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Review: Buffalo Gal

Williamstown Little Theatre

Buffalo Gal by A. R. Gurney

Directed by George Werther

Performance - Friday 11 September 2015 (Opening week)

Reviewer – Jennifer Paragreen

A new play by A. R. Gurney seemed an interesting prospect given his reputation with such works as Love Letters, The Dining Room and Sylvia. An Australian première of this new play means that everything is fresh and audiences go along without preconceived ideas about what they are about to experience. And so it was when I went along to see Buffalo Gal staged by Williamstown Little Theatre.

To my surprise, and to that of several other patrons, we were greeted in the courtyard by a huge poster, complete with cast photos, advertising a coming production of The Cherry Orchard. We quickly realised that that this production was in fact being presented by Buffalo Little Theater but then followed much discussion about the casting. I was perplexed that I had not remembered Robbie Carmellotti being on the cast list and quite bewildered as to how the wonderful Ian Grealy could be involved. There was a flurry of activity to match actors’ names with Chekhovian characters – we succeeded for two!

Curiosity already piqued, we entered the auditorium to find the cherry tree backdrop dominating the stage and crew members busily preparing for a show, sweeping, setting lights etc and making us feel as though we were really in a theatre where The Cherry Orchard was about to be performed. Then the play began with the jaunty tones of the 19th Century minstrel song, Buffalo Gals.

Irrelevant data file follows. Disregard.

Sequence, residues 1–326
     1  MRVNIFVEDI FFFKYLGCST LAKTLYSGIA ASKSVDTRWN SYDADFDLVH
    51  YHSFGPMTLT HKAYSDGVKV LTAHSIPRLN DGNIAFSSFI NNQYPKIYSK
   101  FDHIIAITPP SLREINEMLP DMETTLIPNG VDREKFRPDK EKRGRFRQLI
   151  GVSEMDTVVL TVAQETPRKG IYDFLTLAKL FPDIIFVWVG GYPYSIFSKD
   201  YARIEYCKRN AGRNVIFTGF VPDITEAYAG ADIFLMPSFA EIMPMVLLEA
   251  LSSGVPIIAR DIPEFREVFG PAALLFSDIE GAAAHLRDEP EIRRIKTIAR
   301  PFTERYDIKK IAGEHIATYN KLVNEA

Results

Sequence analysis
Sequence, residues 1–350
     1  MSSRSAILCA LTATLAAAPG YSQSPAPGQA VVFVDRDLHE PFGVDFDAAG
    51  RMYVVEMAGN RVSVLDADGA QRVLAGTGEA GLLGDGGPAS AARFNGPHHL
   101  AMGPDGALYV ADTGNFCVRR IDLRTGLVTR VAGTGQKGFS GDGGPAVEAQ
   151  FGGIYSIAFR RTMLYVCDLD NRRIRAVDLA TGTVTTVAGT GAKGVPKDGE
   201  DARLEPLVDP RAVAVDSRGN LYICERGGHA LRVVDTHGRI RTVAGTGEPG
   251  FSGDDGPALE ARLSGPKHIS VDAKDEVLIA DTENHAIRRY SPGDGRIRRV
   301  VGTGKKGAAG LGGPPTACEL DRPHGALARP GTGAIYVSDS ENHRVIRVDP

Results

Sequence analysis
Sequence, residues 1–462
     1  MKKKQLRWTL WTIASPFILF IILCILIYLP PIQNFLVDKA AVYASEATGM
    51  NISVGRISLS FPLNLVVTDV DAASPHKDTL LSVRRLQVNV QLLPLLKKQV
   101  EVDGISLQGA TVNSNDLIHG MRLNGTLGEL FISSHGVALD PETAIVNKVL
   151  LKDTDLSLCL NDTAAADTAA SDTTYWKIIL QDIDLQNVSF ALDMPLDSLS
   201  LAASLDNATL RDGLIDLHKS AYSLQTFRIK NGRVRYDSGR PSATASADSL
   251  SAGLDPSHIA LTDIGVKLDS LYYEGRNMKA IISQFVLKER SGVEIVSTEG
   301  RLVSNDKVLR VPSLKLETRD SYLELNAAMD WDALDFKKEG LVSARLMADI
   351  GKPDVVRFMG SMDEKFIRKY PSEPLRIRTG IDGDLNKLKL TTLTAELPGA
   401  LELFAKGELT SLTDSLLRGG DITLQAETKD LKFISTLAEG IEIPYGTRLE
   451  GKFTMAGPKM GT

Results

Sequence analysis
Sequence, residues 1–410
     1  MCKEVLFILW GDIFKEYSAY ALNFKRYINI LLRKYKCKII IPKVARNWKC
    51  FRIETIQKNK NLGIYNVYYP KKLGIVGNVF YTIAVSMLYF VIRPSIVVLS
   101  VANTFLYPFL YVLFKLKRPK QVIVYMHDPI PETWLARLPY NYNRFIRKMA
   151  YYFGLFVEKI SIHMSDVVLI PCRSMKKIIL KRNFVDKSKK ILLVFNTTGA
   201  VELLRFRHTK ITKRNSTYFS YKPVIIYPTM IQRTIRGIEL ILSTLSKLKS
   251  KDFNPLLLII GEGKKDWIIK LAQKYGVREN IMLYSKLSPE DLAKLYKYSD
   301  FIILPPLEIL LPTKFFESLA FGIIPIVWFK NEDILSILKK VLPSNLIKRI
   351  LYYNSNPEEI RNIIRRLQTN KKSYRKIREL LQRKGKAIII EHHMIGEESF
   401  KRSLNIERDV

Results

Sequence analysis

The stage setting was in fact the not quite complete set for a contemporary production of The Cherry Orchard to be staged in Buffalo, upstate New York. The scenario was that a celebrated television and movie star, who had grown up in Buffalo, returning to her hometown to play Ranevskaya, the lead role in the production.

There are obvious parallels between The Cherry Orchard and the background story used for Buffalo Gal. Chekov’s play features an aristocratic woman returning from a life of indulgence no longer tenable for her in Paris to her debt ridden family estate just as it is about to be auctioned. Gurney has his star arriving back from Los Angeles to find her grandmother’s old home up for sale and her prospects for a successful outcome on the stage clearly as impractical and delusional as Ranevskaya’s.

As the homecoming queen, Amanda Richardson, Venetia Macken turned in a literally stellar performance with every gesture channeled to theatrical, even melodramatic, effect. Her beauty, impeccable grooming, deportment and languid voice were a combination that gave credibility to her being a movie and television star yet there are hints of the fragility which will threaten this project.

Chris Perkins impressed as the talented and ambitious director, desperately hoping that Amanda’s star power would bring audiences to the theatre and the possibility of the production’s transfer closer to Broadway. Her character’s commitment to the theatre company and a resigned determination to cater to Amanda’s whims and ego as a means of achieving a goal were well displayed.